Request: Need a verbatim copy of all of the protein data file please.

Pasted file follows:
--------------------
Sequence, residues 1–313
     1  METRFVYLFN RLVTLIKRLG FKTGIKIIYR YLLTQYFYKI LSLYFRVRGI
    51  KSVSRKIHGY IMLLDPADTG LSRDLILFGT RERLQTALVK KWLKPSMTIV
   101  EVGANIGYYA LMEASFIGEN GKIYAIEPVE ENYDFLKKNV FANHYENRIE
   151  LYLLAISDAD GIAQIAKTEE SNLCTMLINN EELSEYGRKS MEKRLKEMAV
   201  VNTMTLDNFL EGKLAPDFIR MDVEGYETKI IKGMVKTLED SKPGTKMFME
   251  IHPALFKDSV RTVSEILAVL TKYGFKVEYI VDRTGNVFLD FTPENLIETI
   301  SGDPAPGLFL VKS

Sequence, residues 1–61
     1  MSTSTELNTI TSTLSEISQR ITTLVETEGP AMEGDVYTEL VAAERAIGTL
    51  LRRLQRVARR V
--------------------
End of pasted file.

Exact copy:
Sequence, residues 1–313
     1  METRFVYLFN RLVTLIKRLG FKTGIKIIYR YLLTQYFYKI LSLYFRVRGI
    51  KSVSRKIHGY IMLLDPADTG LSRDLILFGT RERLQTALVK KWLKPSMTIV
   101  EVGANIGYYA LMEASFIGEN GKIYAIEPVE ENYDFLKKNV FANHYENRIE
   151  LYLLAISDAD GIAQIAKTEE SNLCTMLINN EELSEYGRKS MEKRLKEMAV
   201  VNTMTLDNFL EGKLAPDFIR MDVEGYETKI IKGMVKTLED SKPGTKMFME
   251  IHPALFKDSV RTVSEILAVL TKYGFKVEYI VDRTGNVFLD FTPENLIETI
   301  SGDPAPGLFL VKS

Sequence, residues 1–61
     1  MSTSTELNTI TSTLSEISQR ITTLVETEGP AMEGDVYTEL VAAERAIGTL
    51  LRRLQRVARR V